It’s a selfless sentiment seen time and again among the Clemson community since the COVID-19 crisis began. At the College of Architecture, Arts and Humanities (CAAH), a group of research professors, graduate students and 2020 graduates took 18 3D printers normally used to make scale models and repurposed them to make face shields.
Led by Winifred Newman, director of the Clemson University Institute for Intelligent Materials, Systems and Environments (CU-iMSE), and Shan Sutherland, lecturer and manager of the Digital Design Studio and Materials Lab, the group set up five workspaces scattered far apart in the 55,000-square-foot Lee Hall to ensure social distancing and safety.
The team produced 500 shields within a matter of weeks and plans to deliver 1,000 of the units to Clemson’s first responders. A separate group called Clemson University Makerspace – made of undergraduate students in marketing, graphic communication, architecture and mechanical engineering – is contributing another 1,000 from their workspace in the Watt Family Innovation Center.
The FDA approved their design, and each shield is sanitized after assembly and sits for at least two days before being delivered.
“We’re one of the bigger makerspaces on campus, so this is a great way to put the space to use during this time,” said Sutherland. “Phoenix Textiles of Landrum, which is owned by Clemson alumni, donated 5,000 feet of elastic to us to make shields, and our students jumped right in to put it to good use.”
Sutherland said the four students and recent graduates working on the face shields are great examples of the Clemson Family.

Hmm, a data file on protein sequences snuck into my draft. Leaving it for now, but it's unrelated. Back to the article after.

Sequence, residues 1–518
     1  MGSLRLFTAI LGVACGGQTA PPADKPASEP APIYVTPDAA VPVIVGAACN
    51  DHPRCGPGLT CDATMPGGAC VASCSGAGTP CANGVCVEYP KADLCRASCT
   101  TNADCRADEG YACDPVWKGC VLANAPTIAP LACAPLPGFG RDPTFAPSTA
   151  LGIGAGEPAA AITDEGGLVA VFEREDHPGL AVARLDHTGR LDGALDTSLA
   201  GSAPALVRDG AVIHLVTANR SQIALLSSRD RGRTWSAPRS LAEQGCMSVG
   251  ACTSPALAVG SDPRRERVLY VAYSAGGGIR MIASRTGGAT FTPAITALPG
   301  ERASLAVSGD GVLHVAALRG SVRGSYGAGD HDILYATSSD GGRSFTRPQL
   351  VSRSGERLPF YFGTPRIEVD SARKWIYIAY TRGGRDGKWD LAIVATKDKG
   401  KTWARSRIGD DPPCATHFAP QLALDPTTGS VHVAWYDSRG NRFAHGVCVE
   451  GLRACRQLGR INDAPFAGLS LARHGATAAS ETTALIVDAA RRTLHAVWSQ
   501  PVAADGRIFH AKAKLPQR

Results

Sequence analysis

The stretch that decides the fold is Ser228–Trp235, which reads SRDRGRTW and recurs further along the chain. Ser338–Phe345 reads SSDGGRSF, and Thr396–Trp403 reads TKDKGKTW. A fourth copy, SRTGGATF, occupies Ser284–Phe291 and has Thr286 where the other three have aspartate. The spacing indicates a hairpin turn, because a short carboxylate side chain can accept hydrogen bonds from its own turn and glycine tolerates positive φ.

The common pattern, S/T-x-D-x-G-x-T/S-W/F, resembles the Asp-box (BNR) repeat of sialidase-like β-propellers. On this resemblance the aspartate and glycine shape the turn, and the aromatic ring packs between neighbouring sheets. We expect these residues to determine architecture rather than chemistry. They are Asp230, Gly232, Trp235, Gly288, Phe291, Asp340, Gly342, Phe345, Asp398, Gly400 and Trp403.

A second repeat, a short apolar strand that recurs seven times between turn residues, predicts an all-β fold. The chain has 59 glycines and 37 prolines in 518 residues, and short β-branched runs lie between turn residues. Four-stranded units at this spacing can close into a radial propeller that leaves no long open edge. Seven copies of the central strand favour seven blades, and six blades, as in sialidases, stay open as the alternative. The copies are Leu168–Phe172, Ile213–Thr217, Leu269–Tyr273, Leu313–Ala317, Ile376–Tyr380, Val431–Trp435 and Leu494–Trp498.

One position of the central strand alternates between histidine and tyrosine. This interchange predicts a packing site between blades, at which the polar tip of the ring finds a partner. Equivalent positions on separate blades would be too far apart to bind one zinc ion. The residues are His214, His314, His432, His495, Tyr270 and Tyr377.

“Don’t forget that when all this started, these students were in the middle of taking finals. If I know them, they were also helping other students finish the semester. Add researching and producing these face shields and doing all this while trying to figure out how to finish your graduate studies strong while being kind of hamstrung – they are the best of the best,” Sutherland said.
Newman said the focus is to produce PPE safely, making sure to follow FDA guidelines and participate in a coordinated supply chain so the equipment goes where it is needed.
“As part of the land-grant mission to serve the larger state community we are only one small part of the system,” she said. “There are innumerable people at the University contributing their time and effort to supporting first responders and anyone else on the front lines of this pandemic.”
Back in Lee Hall, Arthur Southern and Mason Blackwell spend six hours a day in their workspaces making PPE parts for first responders, mere weeks after receiving their master’s degrees in architecture. Even though they are doing this instead of embarking on the first steps of their careers, both are grateful for the opportunity.
“I was not able to get a job elsewhere right now, so figured I might as well help out where I can,” said Southern. “Not everyone has this kind of ability or these machines, and there’s a shortage, so someone needs to help out. I don’t see this as stopping my life plan – it’s just a pause.”
Photo (Above): Kevin Crumley, a graduate student from Greenville, S.C. in Clemson University’s architecture program poses with rows of face shield head bands produced with 3D printers by a group of students and recent graduates. May 2020. (Photo by Ken Scar)
Read full article, “Preparing PPE for health providers and first responders; leveraging Clemson’s talent pool and resources,” on Clemson’s digital “NewsStand.”
Image Credits: Clemson University Relations. | Photographs and material from Clemson University Relations used by permission.